Rating: ★★★★★

This book made for a great creepy read for the R. I. P. Challenge, and I’m counting it also for the Reading England Challenge, as Devil’s Acre is the worst of Victorian London. However, I am not counting for other challenges. I just bought the book in September, and it hasn’t been on my TBR list long. It’s not exactly historical fiction either—more of a fantasy.

RIP Eleven

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Review: Hollow City, Ransom Riggs

When Hollow City, the second novel in the Miss Peregrine series, came out a few years ago, I bought it immediately. I also started reading it right away. But for some reason, I set it aside after maybe the first chapter or so, and I didn’t pick it up again until recently. I just can’t imagine now how I ever put it down! The book is nonstop action pretty much from start to finish. One of my students who had read the series last year said that I would want to start the third book immediately after finishing this one, and he was right.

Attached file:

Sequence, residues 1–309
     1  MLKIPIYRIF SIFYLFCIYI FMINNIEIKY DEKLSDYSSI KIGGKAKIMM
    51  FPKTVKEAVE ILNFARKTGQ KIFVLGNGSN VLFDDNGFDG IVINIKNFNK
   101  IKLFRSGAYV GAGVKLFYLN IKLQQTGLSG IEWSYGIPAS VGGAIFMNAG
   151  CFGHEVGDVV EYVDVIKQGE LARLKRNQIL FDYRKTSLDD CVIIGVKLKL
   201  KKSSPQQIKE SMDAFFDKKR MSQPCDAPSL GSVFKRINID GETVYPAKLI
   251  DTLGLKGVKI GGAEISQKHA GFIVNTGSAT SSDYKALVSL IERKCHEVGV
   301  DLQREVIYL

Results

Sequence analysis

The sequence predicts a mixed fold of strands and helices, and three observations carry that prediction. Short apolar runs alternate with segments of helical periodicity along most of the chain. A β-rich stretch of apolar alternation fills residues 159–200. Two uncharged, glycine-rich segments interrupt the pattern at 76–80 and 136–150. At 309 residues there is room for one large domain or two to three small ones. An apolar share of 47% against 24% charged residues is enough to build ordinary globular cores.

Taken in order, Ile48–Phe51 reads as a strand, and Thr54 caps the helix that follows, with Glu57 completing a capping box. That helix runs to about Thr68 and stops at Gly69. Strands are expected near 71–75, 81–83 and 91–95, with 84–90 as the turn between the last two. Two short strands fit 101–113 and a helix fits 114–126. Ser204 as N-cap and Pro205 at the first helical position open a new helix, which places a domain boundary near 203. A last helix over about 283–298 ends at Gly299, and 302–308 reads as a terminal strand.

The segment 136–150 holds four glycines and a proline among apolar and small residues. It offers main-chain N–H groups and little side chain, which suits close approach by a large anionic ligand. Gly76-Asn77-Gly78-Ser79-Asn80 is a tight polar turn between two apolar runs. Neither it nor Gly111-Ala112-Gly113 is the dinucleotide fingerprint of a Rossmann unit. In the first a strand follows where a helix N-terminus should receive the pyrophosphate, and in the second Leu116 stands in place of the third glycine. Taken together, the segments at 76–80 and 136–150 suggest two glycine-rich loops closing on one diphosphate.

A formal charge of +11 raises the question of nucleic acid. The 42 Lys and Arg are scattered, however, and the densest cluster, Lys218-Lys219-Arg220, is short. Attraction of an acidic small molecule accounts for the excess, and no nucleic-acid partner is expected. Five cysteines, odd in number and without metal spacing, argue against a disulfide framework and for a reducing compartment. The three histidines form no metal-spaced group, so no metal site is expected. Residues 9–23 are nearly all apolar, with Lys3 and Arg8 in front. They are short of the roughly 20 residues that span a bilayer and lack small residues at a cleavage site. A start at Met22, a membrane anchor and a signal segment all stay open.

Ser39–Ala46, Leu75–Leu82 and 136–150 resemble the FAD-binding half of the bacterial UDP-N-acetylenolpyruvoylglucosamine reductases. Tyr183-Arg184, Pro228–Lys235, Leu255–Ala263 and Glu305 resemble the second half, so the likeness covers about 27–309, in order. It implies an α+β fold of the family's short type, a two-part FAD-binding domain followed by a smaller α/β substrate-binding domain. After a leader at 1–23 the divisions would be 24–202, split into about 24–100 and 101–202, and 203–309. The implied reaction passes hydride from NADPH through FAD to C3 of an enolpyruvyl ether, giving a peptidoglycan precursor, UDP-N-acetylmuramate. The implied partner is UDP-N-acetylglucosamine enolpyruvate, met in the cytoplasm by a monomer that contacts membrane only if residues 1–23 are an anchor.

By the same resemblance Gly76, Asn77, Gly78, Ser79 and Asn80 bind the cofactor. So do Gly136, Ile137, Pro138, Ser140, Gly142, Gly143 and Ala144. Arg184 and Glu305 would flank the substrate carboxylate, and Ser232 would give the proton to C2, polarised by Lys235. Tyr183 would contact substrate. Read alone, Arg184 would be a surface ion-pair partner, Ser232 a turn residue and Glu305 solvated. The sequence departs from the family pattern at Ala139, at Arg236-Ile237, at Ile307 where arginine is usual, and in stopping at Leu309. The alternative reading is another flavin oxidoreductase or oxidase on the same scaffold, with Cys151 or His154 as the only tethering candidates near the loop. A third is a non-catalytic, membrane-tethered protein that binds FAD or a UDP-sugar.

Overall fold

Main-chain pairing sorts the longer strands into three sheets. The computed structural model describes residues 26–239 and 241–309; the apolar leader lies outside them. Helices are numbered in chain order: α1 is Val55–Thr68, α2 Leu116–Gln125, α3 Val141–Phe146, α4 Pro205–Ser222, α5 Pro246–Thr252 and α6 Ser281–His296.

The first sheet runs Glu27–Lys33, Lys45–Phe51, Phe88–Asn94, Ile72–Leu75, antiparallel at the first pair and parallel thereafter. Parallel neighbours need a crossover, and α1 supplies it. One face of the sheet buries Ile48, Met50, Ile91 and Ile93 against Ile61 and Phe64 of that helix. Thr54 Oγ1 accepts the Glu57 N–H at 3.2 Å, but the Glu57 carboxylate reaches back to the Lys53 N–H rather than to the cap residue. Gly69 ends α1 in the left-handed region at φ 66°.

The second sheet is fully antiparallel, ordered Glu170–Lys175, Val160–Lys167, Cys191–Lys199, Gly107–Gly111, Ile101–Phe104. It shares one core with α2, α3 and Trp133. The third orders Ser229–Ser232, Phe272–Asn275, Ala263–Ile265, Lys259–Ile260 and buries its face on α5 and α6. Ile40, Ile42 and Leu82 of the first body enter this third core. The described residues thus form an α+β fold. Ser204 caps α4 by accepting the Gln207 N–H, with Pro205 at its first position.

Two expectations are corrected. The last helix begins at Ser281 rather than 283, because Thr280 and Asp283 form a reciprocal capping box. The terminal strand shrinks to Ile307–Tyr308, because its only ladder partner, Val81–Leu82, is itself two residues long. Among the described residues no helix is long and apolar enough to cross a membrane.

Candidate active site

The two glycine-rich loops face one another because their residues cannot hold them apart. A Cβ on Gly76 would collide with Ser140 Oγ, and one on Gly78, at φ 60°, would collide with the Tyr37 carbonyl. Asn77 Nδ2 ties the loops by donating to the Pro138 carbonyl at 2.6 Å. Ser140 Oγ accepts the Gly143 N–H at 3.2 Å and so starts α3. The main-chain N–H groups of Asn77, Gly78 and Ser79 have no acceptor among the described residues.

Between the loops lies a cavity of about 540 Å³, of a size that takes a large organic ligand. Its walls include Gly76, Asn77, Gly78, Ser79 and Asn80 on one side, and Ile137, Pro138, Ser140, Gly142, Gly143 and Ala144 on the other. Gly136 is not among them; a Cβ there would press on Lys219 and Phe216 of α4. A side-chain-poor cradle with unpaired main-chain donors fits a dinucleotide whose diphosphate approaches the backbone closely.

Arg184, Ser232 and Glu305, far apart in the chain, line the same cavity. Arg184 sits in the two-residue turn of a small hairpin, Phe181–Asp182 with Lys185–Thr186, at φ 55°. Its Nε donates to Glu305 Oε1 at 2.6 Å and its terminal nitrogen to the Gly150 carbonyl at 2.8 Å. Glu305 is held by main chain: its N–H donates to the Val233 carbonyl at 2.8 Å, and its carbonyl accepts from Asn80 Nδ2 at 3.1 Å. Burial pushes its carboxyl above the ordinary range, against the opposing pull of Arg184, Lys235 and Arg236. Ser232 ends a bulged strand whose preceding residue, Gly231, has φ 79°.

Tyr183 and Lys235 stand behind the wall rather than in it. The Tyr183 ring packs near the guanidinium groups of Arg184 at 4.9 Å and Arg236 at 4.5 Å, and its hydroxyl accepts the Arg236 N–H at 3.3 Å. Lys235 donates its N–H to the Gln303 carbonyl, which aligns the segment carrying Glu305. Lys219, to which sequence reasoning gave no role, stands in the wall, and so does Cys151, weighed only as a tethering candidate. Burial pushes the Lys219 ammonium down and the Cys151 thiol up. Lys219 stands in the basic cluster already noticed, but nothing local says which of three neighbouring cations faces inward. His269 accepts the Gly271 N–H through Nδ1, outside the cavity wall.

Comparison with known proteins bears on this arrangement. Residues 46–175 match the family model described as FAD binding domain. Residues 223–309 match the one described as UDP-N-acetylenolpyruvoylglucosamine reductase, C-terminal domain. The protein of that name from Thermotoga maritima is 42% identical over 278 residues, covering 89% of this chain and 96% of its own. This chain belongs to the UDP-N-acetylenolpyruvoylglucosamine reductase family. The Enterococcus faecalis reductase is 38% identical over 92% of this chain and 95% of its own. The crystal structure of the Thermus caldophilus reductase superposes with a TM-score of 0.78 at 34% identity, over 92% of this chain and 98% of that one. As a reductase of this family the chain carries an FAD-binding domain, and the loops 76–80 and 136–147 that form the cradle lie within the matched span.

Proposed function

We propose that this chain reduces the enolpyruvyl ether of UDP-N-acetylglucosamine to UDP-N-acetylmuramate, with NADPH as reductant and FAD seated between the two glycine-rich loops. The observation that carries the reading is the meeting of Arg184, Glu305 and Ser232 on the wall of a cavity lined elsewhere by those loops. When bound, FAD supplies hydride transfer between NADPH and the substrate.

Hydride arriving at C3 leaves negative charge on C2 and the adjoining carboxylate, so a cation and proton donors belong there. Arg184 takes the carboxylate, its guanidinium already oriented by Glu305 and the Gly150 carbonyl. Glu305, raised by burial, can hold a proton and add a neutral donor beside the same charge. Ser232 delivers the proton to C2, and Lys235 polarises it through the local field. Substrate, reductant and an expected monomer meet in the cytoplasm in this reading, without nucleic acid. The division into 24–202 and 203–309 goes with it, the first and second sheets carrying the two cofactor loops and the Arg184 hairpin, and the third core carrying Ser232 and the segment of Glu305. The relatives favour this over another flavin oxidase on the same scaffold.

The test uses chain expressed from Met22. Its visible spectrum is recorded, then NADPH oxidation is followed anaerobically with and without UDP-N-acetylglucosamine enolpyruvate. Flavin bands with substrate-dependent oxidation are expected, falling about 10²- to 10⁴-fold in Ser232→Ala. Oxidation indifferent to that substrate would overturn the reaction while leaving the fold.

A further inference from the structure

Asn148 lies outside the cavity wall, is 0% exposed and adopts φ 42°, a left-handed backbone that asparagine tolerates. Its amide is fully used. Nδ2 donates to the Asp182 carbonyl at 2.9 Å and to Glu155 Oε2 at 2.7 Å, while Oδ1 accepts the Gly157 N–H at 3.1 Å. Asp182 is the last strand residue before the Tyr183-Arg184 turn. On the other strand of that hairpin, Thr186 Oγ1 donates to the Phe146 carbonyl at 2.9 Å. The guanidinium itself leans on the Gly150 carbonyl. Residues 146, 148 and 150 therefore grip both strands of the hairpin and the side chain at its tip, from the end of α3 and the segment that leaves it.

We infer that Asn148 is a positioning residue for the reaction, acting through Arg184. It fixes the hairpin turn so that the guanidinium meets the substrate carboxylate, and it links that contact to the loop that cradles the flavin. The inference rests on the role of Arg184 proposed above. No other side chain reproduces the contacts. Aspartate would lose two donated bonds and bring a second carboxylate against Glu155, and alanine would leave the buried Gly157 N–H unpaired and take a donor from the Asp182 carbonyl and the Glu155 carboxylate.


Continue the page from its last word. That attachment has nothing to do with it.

Hollow City picks up right where Miss Peregrine’s Home for Peculiar Children leaves off, as Jacob and the other peculiars escape their island with the injured and “stuck” Miss Peregrine. Be warned: this book does not fill in the gaps for anyone who hasn’t read the first book. You are going to have to start with the first book if you want to follow the story. I had a bit of trouble because it had been a long time since I read Miss Peregrine. In this second book, the peculiars go in search of an ymbryne who can help Miss Peregrine return to her human form. They search for and find a time loops run by an ymbryne named Miss Wren, but they learn Miss Wren is missing. She is the only known ymbryne who has not been captured by wights, so the peculiars set off to London in search of her.